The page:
“Be willing to start as a volunteer,” she said. “You can get a volunteer job with the NPS at volunteer.gov, Student Conservation Association or Job Corp, or go to a local state park and volunteer. Just get out there and see what all those places have to offer.

“Then narrow down what you like to do. Big western parks are like small towns. They have their own roads crew, jail, school and post office. You can literally have a job in the NPS as an asphalt paver. So figure out what you like to do and then figure out what place offers it.”

As a student at Auburn, Hendy did a summer internship at Yosemite National Park in its Wilderness Office.

“I started [at Auburn] in criminal justice and realized eventually I did not want to be stuck in a city,” she said. “Dr. Bob Crabtree and I had a discussion one day and he recommended I look into the land management agencies. Once I did that, I changed my major to park and recreation management, and I took a lot of forestry classes and have used them much and throughout my career.”

In addition to her Auburn degree, Hendy earned a master’s degree in biomechanics and exercise physiology from Utah State. “I use the anatomy and physiology constantly as a paramedic, and the physics of biomechanics is the same physics of high-angle technical rescue and helicopter rescue.”

But it wasn’t all classrooms and studying while in school, said Hendy, as she reminisced about going to Auburn football games and being active in sports on the Plains.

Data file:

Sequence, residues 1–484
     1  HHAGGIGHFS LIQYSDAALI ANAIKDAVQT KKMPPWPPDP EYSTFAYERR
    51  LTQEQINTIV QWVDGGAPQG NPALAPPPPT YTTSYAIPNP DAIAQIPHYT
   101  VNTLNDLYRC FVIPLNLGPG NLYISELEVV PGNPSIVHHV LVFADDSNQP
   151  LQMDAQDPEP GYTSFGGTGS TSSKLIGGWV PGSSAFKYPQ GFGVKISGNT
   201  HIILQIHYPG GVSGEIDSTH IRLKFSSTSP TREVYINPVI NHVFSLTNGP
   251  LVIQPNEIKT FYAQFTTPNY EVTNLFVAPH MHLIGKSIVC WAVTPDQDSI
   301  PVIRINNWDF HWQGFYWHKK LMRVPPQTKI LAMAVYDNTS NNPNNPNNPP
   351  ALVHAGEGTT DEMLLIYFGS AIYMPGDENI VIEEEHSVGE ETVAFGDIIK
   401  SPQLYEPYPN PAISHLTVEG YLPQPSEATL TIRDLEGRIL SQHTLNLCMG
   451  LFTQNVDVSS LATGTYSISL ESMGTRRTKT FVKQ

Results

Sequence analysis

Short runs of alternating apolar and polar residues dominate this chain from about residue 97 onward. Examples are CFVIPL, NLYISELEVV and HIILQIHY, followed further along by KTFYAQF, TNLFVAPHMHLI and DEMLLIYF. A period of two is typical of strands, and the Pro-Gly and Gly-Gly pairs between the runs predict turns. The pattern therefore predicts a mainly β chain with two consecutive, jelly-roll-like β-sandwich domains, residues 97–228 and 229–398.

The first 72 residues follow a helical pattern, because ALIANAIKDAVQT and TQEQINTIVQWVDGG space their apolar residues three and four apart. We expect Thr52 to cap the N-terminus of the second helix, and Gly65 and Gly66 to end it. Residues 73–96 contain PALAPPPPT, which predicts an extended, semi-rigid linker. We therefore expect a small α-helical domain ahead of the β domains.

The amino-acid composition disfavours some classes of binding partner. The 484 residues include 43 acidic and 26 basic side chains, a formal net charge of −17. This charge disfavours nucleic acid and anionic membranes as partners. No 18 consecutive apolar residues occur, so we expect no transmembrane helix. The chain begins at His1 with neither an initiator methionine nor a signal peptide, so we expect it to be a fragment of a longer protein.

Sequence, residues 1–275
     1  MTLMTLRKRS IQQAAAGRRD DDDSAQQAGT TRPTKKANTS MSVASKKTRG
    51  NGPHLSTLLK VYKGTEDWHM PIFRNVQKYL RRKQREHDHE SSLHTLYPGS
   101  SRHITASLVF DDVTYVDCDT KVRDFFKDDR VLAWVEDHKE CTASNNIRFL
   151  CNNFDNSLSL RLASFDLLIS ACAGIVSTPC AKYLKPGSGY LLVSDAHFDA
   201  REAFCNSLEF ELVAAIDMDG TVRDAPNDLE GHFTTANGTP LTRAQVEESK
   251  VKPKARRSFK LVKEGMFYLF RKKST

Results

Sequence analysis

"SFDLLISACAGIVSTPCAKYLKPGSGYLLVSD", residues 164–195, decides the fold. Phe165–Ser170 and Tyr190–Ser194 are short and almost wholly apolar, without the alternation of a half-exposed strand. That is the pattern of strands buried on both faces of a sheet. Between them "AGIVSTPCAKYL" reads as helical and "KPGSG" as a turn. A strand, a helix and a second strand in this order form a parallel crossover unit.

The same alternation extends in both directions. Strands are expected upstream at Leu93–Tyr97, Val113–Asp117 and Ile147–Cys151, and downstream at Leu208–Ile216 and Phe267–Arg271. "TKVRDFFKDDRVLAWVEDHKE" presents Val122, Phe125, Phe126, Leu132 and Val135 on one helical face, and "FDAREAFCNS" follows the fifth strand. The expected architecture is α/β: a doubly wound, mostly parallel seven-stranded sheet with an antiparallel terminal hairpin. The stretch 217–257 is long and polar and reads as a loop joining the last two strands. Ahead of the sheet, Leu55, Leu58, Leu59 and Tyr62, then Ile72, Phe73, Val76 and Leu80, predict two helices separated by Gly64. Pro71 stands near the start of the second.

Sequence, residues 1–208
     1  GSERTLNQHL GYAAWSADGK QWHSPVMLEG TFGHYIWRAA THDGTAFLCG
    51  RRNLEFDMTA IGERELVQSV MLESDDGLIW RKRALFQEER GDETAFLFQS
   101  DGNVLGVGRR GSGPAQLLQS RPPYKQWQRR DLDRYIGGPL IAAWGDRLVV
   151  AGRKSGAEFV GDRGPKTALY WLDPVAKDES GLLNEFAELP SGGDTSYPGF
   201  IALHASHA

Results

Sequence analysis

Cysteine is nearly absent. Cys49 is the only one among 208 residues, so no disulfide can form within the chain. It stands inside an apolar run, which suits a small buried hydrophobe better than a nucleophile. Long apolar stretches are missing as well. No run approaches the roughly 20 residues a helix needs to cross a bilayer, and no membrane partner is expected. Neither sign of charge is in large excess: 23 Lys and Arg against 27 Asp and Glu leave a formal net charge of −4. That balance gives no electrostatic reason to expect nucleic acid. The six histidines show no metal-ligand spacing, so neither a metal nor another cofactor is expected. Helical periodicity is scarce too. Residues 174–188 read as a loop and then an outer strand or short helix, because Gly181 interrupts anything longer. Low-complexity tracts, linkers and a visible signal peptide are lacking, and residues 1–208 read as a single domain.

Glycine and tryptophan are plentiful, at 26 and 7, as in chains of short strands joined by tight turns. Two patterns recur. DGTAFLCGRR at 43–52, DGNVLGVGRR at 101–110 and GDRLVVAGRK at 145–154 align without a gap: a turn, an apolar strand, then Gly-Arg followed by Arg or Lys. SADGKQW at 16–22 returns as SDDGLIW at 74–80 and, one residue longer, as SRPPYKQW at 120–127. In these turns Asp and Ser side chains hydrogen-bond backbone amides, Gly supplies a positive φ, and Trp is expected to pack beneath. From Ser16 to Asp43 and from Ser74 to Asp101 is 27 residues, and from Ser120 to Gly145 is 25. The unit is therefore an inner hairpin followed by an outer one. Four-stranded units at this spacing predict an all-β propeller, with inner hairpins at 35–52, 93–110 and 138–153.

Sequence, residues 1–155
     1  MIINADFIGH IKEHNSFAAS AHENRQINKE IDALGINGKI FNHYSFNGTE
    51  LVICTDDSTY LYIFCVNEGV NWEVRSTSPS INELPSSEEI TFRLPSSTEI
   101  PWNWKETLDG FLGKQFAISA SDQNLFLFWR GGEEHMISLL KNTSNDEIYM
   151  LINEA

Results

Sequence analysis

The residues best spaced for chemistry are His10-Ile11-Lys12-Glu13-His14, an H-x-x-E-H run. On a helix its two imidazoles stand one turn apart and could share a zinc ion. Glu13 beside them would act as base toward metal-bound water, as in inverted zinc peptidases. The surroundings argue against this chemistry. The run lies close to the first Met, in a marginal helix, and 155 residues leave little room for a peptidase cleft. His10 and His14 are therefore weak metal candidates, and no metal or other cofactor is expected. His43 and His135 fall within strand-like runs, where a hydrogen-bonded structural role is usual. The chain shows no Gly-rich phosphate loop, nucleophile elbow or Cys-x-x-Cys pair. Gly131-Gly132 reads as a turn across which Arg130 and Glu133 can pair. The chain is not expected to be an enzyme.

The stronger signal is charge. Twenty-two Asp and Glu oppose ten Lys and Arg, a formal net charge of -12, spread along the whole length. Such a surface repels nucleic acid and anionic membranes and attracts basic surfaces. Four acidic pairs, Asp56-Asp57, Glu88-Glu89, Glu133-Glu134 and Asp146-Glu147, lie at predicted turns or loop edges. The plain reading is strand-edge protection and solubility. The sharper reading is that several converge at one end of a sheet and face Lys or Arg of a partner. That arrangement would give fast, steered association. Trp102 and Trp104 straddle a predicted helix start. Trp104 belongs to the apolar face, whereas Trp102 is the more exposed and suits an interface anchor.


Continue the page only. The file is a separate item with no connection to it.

“I went to every home game,” she said. “My first year I lived in Helen Keller Hall and it was right across from the eagle’s nest, and so when waking up in the morning, the vibe outside was all about the ballgame.

“I also really enjoyed working with the Intramural Department. I worked there for four years and was a manager when I left. That was my crew. I loved being out on the football fields in fall. Our women’s flag football independent team won the campus championship three years in a row. Those were some big highlights for me.”

For high school students considering Auburn, she recommends they “get down there and walk around on campus. I just went down there to check it out. As soon as I got on campus, I knew.”

Today, just like fans going to an Auburn ballgame, Hendy is at a major tourist destination where 11 million park visitors each year go to relax and get away from their routines. So how does she relax on her off days?

“I go boating and I like to travel,” she said. “Those are probably the two biggest things I like to do. I also like to go fishing, kayaking, camping, climbing and motorcycle riding. There’s some world-class fishing in this park and I’m excited I finally got my Tennessee driver’s license so I can finally go get a fishing license. I think I’ll be doing some fishing this fall, so that’ll be nice.”

The National Park Service hat is called a “flat hat” and is a nod to the U.S. Cavalry who were the original guardians of the National Park Service. (Philip Smith)

About the hat

The National Park Service hat is called a “flat hat” and is a nod to the U.S. Cavalry who were the original guardians of the National Park Service. The leather hatband features needles and the cone of the giant sequoia tree in recognition of the Yosemite Mariposa Grove, the first land set aside for preservation and initially guarded by the Buffalo Soldiers, the all African-American cavalry unit formed just after the Civil War. In 1864 President Abraham Lincoln signed legislation protecting the Mariposa Grove and Yosemite Valley for “public use, resort and recreation,” according to the National Park Service. For the first time, the federal government set aside scenic natural areas to be protected for the benefit of future generations.

This story originally appeared on Auburn University’s website.